Tonight could be the night that the Hoffmans strike it big in the Klondike, but Parker and Dakota Fred have nothing but time and training on their hands at Porcupine Creek.
Is tonight the night the Hoffman gang finally strikes real gold? Possibly, but there won’t be any golden moments coming out of tonight’s episode on Porcupine Creek.
“We’re law enforcement,” the U.S. Mine Safety and Health Administration inspector tells Parker.
“I have to come out and do my job. I have to find violations, and I have to cite them.
With everything I’ve seen so far, it’s like you guys haven’t been inspected before. So, there’s a little more than normal on the violations.”
Of course, according to Parker, in the 26 years the mine has been operated by his grandfather, the mine hasn’t been inspected, so the inspector was right on the money in that assessment.
He subsequently cites Parker for six safety hazards, each carrying a fine of about $300.
“Nothing serious,” Parker tells his grandfather. But, then came the paperwork inspection.
“I hope I remembered to put the right papers in here,” Parker says as he takes files to the inspector. But, it doesn’t go well.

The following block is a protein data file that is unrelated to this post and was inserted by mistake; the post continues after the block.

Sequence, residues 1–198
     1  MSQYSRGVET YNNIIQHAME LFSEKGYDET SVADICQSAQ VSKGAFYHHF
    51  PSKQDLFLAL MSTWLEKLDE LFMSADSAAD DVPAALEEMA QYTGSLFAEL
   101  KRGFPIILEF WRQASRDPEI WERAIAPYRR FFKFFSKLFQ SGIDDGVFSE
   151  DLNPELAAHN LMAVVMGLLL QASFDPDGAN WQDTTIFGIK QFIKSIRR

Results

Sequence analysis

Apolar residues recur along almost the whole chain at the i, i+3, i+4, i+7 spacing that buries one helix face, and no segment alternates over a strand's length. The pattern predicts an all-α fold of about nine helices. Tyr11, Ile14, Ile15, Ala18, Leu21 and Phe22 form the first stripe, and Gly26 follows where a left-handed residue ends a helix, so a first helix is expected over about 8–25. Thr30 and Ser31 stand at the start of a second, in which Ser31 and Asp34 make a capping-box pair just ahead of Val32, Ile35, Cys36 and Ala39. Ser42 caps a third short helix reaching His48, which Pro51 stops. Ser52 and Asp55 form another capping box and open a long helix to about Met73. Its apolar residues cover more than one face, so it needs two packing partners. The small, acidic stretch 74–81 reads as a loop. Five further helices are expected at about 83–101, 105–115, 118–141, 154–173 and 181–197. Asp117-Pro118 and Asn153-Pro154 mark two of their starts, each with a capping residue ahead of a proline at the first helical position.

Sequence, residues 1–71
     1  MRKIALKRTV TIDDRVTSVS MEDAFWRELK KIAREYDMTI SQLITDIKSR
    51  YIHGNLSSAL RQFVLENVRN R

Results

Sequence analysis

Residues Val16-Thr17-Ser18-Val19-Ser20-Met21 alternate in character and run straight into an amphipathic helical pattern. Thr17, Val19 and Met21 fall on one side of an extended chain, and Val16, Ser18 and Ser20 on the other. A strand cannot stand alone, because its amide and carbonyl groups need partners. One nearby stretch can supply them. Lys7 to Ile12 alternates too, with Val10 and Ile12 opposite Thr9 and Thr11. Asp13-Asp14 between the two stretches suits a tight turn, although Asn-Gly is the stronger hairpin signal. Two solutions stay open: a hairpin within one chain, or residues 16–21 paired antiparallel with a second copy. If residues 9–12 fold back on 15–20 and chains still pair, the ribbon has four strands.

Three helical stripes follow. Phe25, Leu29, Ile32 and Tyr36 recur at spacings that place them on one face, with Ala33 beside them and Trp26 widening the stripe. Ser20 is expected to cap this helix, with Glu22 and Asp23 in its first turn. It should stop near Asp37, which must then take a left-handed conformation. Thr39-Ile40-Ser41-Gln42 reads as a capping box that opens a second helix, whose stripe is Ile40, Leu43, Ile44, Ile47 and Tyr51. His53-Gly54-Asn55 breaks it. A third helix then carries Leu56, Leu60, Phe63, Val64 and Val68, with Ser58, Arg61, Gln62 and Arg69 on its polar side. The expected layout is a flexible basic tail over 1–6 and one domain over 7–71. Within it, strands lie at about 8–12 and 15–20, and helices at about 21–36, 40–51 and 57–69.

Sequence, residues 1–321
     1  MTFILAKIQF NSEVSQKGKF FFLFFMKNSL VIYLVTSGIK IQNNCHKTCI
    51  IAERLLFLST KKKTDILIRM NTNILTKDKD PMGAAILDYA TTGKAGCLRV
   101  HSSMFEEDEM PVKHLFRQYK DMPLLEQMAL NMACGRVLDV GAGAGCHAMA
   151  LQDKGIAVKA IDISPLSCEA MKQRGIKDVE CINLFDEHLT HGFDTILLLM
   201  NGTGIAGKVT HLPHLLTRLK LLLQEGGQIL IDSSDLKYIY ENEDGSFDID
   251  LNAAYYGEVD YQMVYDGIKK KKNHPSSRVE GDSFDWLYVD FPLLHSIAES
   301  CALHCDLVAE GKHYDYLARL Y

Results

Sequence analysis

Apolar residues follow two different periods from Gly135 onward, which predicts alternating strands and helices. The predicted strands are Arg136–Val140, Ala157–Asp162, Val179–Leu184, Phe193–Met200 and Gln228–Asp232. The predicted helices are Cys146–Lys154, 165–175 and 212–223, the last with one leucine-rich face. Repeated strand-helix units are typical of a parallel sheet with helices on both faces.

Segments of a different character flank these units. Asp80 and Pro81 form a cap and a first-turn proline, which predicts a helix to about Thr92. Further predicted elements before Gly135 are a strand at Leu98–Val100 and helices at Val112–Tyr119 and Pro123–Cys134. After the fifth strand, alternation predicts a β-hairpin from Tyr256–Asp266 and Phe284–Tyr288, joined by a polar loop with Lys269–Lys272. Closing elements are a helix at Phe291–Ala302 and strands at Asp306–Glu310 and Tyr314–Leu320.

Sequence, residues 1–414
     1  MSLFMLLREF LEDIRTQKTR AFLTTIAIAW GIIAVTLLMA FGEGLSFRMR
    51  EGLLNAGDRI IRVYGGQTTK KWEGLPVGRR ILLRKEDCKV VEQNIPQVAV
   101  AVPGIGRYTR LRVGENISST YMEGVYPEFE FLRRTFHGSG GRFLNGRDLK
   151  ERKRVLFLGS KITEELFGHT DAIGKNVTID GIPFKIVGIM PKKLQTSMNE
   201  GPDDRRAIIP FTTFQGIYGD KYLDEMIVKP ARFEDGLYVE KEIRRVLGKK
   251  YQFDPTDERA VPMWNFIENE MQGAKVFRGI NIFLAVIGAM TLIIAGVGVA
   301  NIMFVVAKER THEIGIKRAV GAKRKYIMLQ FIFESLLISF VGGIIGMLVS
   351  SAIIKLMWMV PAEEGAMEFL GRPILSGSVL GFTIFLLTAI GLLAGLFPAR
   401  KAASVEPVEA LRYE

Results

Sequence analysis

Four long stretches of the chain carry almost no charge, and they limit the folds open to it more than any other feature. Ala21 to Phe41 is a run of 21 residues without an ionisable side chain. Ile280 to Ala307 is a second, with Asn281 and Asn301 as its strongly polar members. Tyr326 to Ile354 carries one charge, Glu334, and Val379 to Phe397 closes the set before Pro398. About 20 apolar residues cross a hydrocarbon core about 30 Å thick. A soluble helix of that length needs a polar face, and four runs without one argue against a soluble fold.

“Parker right now is in violation of part 48 training, because he doesn’t have a certified plan in place,” the inspector says.
“So, I have to withdraw the miners from the mine site, because they are considered a hazard upon themselves and others, for not having the proper training.”
Background: ‘Gold Rush: Alaska’ mines on Porcupine Creek shut down temporarily (VIDEO)
Dakota Fred and his crew do not fare any better. They, like those at the Big Nugget mine, have not had the required 8-hour, site-specific safety training.
“Untrained miners are a hazard to themselves and others,” the inspector said. “We’re regulating it to protect the health and safety of the miners.”
“I just don’t understand a site-specific anything,” Dakota Fred complains. “Because we know this mine better than any instructor ever thought of knowing.”
Both mines were shut down until the crews could get the required training—minimum two to three days of mining for the Dakota Fred crew, possibly more for Parker’s team.
“Just tell me how anyone would feel other than angry over BS like this,” Fred says as he stomps away from the camera.
In the Klondike, however, the Hoffman crew is excited about what they are seeing in the mud and dirt.
Tiny flakes of gold, swirling around in the muck, catch the eye of the team, and get their gold-miner juices flowing at peak levels once again.
“I think it’s loaded with gold,” Greg says of the ground. “Eveything is just glistening, in the water, throughout this whole area. … oh my gosh, you can almost pick them up with your fingers.”
“Oh, that’s good stuff,” Thurber says as he pans.
“Were on the gold,” Todd says. “Now, we’ve just gotta go get it.”
Hmmmm. Where have we heard that one before?
Will this be the time, though, that they really will go get it?